nep-net New Economics Papers
on Network Economics
Issue of 2011‒07‒02
five papers chosen by
Yi-Nung Yang
Chung Yuan Christian University

  1. Identifying the Effects of Co-Authorship Networks on the Performance of Scholars: A Correlation and Regression Analysis of Performance Measures and Social Network Analysis Measures By Alireza Abbasi; Jorn Altmann; Liaquat Hossain
  2. Social Networks and Parental Behavior in the Intergenerational Transmission of Religion By Patacchini, Eleonora; Zenou, Yves
  3. Liberalization-Privatization Paths: Policies and Politics By Filippo Belloc; Antonio Nicita
  4. Proximity, Networks and Knowledge Production in Europe By Emanuela Marrocu; Raffaele Paci; Stefano Usai
  5. Sustainable Network Dynamics By Arnaud Dragicevic; Bernard Sinclair-Desgagné

  1. By: Alireza Abbasi; Jorn Altmann (Technology Management, Economics, and Policy, College of Engineering, Seoul National University); Liaquat Hossain
    Abstract: In this study, we develop a theoretical model based on social network theories and analytical methods for exploring collaboration (co-authorship) networks of scholars. We use measures from social network analysis (SNA) (i.e., normalized degree centrality, normalized closeness centrality, normalized betweenness centrality, normalized eigenvector centrality, average ties strength, and efficiency) for examining the effect of social networks on the (citation-based) performance of scholars in a given discipline (i.e., information systems). Results from our statistical analysis using a Poisson regression model suggest that research performance of scholars (g-index) is positively correlated with four SNA measures except for the normalized betweenness centrality and the normalized closeness centrality measures. Furthermore, it reveals that only normalized degree centrality, efficiency, and average ties strength have a positive significant influence on the g-index (as a performance measure). The normalized eigenvector centrality has a negative significant influence on the g-index. Based on these results, we can imply that scholars, who are connected to many distinct scholars, have a better citation-based performance (g-index) than scholars with fewer connections. Additionally, scholars with large average ties strengths (i.e., repeated co-authorships) show a better research performance than those with low tie strengths (e.g., single co-authorships with many different scholars). The results related to efficiency show that scholars, who maintain a strong co-authorship relationship to only one co-author of a group of linked co-authors, perform better than those researchers with many relationships to the same group of linked co-authors. The negative effect of the normalized eigenvector suggests that scholars should work with many students instead of other well-performing scholars. Consequently, we can state that the professional social network of researchers can be used to predict the future performance of researchers.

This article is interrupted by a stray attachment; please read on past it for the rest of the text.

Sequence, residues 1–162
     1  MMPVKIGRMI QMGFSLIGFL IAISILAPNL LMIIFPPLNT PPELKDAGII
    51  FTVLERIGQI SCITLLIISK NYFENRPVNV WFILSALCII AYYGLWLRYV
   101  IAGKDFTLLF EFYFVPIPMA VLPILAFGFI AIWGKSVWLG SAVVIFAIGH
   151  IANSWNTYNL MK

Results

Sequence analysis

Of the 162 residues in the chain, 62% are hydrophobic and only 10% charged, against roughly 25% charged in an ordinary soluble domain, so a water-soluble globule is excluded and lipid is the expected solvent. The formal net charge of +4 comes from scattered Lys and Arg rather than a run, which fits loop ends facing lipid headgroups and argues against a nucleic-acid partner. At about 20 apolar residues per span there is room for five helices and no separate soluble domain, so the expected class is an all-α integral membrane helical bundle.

Keywords: Collaboration, citation-based research performance, co-authorship networks, social network analysis measures, regression, correlation.
    JEL: C02 C13 C25 C43 C51 C52 D02 D85 H81 L25 M11 M12 O31 O33
    Date: 2011–06
  2. By: Patacchini, Eleonora (Sapienza University of Rome); Zenou, Yves (Stockholm University)
    Abstract: We analyze the intergenerational transmission of the strength of religion focusing on the interplay between family and peer effects. We develop a theoretical model suggesting that both peer quality and parental effort are of importance for the religious behavior of the children. We then bring the model to the data by using a very detailed dataset of adolescent friendship networks in the United States. We find that, for religious parents, the higher is the fraction of religious peers, the more parents put effort in transmitting their religiosity, indicating cultural complementarity. For non-religious parents, we obtain the reverse, indicating cultural substitutability. Concerning the success in transmitting the religious trait, we find that, for religious parents, the fraction of religious peers has only an indirect effect (through parental effort) while, for non-religious parents, there is a lower indirect effect and a statistically significant and sizeable direct effect of peers on the transmission of the non-religious trait.
    Keywords: religion, cultural transmission, peer effects, network fixed effects
    JEL: A14 D85 Z12
    Date: 2011–06
  3. By: Filippo Belloc; Antonio Nicita